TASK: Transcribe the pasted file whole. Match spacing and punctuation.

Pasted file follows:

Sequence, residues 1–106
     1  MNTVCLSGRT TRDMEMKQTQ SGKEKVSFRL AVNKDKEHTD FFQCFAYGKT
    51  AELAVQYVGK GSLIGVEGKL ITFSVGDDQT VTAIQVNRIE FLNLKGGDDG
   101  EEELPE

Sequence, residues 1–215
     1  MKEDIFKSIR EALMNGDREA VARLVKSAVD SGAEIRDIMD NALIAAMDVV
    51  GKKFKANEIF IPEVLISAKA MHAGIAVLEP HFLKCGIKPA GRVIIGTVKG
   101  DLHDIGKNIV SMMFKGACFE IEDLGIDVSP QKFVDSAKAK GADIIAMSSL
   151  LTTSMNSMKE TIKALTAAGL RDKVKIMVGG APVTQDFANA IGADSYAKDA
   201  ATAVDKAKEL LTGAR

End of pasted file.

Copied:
Sequence, residues 1–106
     1  MNTVCLSGRT TRDMEMKQTQ SGKEKVSFRL AVNKDKEHTD FFQCFAYGKT
    51  AELAVQYVGK GSLIGVEGKL ITFSVGDDQT VTAIQVNRIE FLNLKGGDDG
   101  EEELPE

Sequence, residues 1–215
     1  MKEDIFKSIR EALMNGDREA VARLVKSAVD SGAEIRDIMD NALIAAMDVV
    51  GKKFKANEIF IPEVLISAKA MHAGIAVLEP HFLKCGIKPA GRVIIGTVKG
   101  DLHDIGKNIV SMMFKGACFE IEDLGIDVSP QKFVDSAKAK GADIIAMSSL
   151  LTTSMNSMKE TIKALTAAGL RDKVKIMVGG APVTQDFANA IGADSYAKDA
   201  ATAVDKAKEL LTGAR